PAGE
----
…different it feels exploring knowing that sit-down stops at a diners or coffee shops are not yet again routine, not quite yet allowed. A stop for the magic of something as simple as a chocolate chip cookie dipped in coffee, and that partially dissolved chocolate found in the last sip. All these tricks we’ve done over the centuries with plant matter. And then this loss of access to these stops leads me to wonder why I would even leave my neighborhood when such establishments are here; sometimes I think I could be a tourist just in my own neighborhood, and then I contemplate the meaning and purpose of tourism or exploring. I guess such establishments are the conduit and commonality between and among places, cultures and micro-cultures. And it’s these places I want to see because they tie things together.
Typically I would ride with a riding buddy. But last weekend I rode solo, actually passing through a riding buddy’s town, enjoying the aesthetic of the little berg, but unable to try any of the coffee joints. I’ve been riding strictly solo while restrictions seem to still be in place.
Now that I think about it, even when I’ve been overseas in quite different cultures, even if still western, I’ve actually not been that interested in food even though I enjoy it there. I’m more interested in being in the midst of the cultures’ age, history. Its age compared to young US culture is what has intrigued me. Sometimes I’d think US culture was ahead, and sometimes behind, whatever the place I visited. Even in the one eastern country I visited. Then I’d realize this inconsistency (“behind” versus “ahead”) was just pointing out that people are alike, which ties everything back together through similarity between places and cultures old and new. But then if I just walk into the woods for two days, any cultural differences are impossible, not even on the radar. The critters think and act mainly about and on food; but that’s what I’m frequently seeking out in small US towns: food — the connection between US micro-cultures.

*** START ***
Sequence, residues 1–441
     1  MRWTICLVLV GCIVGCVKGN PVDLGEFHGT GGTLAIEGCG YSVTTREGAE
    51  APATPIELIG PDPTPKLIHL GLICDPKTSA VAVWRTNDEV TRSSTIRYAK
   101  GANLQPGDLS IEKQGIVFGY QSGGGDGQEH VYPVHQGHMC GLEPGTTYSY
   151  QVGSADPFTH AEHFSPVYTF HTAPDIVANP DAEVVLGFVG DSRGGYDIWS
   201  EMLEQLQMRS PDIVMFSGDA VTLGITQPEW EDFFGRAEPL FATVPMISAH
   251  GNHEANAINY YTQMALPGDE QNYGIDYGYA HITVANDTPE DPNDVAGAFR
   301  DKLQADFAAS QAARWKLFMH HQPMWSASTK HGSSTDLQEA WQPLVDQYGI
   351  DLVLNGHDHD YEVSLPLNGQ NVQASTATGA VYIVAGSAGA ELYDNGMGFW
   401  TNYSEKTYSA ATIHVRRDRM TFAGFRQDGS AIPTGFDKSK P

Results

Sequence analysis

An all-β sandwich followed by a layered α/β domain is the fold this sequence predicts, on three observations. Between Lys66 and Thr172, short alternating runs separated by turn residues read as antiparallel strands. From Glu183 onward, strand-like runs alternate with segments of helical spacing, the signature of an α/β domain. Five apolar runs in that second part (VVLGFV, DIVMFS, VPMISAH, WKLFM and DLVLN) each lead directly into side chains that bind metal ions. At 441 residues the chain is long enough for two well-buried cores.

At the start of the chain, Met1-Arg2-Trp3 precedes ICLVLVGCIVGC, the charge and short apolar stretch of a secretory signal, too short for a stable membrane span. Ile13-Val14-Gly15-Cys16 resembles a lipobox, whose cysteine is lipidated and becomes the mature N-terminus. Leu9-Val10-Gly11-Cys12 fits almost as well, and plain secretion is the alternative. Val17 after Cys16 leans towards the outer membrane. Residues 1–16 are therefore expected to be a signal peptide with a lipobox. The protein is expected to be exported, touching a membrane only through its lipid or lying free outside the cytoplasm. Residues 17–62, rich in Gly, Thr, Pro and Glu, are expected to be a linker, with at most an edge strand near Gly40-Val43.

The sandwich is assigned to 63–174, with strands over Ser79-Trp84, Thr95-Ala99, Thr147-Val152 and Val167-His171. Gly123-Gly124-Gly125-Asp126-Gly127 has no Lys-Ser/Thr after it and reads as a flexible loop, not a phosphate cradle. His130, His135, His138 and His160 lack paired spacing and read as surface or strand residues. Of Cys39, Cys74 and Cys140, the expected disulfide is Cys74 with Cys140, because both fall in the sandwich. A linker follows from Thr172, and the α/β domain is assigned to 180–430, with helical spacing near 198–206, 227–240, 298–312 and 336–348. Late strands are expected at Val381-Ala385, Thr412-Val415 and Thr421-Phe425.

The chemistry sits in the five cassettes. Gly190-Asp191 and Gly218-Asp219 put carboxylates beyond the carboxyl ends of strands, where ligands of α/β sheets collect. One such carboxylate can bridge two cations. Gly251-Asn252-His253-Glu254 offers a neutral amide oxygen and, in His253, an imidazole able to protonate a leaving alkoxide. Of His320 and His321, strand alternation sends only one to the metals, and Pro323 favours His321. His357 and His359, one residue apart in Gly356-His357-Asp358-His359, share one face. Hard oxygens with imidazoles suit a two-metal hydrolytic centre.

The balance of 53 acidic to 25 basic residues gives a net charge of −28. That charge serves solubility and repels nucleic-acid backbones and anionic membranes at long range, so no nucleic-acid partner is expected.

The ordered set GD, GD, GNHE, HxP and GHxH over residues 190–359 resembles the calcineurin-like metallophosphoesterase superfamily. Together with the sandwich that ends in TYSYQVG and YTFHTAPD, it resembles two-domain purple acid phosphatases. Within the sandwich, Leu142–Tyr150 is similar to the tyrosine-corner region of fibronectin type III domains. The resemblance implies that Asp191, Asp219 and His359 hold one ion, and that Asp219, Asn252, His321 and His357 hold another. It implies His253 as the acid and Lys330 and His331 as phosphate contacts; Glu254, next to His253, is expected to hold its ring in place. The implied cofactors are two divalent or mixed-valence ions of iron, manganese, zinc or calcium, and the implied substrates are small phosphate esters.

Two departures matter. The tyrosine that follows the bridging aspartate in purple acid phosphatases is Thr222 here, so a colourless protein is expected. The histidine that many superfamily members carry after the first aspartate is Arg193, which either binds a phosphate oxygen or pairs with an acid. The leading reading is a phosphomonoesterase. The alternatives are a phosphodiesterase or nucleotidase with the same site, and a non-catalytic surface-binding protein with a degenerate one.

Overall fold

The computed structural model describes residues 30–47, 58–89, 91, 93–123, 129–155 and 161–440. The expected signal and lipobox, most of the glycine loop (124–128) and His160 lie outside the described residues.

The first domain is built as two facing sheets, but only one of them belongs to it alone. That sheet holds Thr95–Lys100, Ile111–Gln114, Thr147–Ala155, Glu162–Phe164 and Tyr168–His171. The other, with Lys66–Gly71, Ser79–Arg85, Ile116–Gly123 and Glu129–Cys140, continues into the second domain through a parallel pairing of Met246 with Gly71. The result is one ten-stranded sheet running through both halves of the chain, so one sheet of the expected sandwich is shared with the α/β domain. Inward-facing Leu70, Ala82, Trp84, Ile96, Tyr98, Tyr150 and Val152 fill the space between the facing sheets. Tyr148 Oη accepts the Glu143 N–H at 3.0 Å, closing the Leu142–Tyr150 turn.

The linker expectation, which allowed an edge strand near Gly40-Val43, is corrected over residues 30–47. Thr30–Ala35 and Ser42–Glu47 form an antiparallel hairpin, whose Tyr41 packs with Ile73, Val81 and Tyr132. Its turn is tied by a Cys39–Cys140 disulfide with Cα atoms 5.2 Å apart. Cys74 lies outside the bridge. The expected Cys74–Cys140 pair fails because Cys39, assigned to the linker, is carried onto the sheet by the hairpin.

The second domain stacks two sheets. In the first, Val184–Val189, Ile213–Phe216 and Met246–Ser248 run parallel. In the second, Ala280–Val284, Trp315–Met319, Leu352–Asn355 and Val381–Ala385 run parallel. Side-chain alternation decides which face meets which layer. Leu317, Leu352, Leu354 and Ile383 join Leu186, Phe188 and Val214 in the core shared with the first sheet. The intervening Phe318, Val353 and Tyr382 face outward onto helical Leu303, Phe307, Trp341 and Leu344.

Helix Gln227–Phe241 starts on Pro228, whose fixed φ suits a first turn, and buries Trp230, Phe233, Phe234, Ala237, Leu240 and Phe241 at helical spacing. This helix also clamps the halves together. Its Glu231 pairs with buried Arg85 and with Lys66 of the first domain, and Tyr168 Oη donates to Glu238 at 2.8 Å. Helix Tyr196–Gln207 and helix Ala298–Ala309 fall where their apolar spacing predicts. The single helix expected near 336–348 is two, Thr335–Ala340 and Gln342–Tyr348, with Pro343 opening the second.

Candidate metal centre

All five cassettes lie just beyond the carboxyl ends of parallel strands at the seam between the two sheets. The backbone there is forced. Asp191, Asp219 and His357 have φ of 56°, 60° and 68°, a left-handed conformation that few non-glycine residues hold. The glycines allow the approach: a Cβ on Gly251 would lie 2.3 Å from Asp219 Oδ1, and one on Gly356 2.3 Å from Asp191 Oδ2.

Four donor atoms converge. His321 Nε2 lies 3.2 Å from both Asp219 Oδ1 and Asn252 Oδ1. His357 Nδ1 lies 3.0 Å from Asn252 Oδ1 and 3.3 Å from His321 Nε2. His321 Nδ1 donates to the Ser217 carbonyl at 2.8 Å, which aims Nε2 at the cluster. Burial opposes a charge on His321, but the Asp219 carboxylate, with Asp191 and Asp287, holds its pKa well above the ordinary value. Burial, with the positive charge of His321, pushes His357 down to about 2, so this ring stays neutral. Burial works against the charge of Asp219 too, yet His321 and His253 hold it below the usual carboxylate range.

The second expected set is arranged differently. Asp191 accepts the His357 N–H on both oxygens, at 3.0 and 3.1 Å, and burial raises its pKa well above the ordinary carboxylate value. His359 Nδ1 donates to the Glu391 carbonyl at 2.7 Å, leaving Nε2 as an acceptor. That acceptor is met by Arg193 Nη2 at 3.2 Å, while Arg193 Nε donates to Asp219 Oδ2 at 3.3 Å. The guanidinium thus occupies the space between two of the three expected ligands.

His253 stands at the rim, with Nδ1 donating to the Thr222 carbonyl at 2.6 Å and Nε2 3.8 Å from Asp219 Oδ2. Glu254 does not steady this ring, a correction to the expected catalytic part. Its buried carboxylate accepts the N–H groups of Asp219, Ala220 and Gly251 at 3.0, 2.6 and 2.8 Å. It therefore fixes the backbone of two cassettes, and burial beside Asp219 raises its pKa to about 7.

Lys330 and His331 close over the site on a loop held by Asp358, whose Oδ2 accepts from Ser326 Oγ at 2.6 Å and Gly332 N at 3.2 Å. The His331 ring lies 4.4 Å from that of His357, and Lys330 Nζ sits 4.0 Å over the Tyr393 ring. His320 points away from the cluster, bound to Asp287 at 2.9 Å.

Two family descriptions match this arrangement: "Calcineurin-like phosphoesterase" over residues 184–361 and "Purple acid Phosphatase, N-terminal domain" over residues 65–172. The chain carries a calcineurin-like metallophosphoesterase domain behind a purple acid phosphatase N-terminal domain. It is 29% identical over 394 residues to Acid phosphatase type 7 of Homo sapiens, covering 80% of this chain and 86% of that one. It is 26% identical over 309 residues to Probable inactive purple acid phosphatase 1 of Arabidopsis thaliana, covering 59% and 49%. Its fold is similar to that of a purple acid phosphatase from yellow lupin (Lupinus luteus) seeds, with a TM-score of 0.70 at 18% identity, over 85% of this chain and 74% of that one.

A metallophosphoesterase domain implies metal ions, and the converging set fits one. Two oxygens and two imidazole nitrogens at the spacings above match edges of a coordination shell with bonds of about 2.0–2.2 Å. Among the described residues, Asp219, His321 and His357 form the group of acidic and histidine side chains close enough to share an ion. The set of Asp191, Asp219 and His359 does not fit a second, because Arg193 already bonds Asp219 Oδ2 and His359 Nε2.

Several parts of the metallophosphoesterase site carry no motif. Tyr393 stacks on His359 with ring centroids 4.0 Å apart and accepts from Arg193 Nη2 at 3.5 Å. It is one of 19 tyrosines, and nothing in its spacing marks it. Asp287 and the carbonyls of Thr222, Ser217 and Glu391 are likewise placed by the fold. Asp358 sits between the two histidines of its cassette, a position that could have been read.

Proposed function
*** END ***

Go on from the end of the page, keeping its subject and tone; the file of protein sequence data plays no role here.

But back to the “cultures’ ages” thing. Without that age/history of older towns by comparison to US ones — even western places like London — exploration of towns and culture here consists of absorbing a little town as a microcosm differing slightly in story from neighboring towns. Different stories, but similar or same routines and cafes, diners. People in general just seem to have the same pastimes regardless of where I am. On one level, these towns are all indistinguishable from any western culture on earth, and on another, each is its own thing: a microcosm which is separate by time-frame/history/story. Personal histories that make up neighborhood history, town history. Any larger scale than that and it tends to all blur again with the world’s western civilization in general.
People in my riding buddy’s town seemed to want the same thing as anyone else. To be out in the sun, to swim, to treat themselves to a restaurant meal or ice cream. To have a break from work life. To avoid or spend time with family, depending on their circumstances. These are my guesses about people while riding through, unable to hear through ear plugs let alone my helmet. A snapshot with assumptions built on learned and perceived histories.
All I’m saying is I rode through my friend’s town last weekend.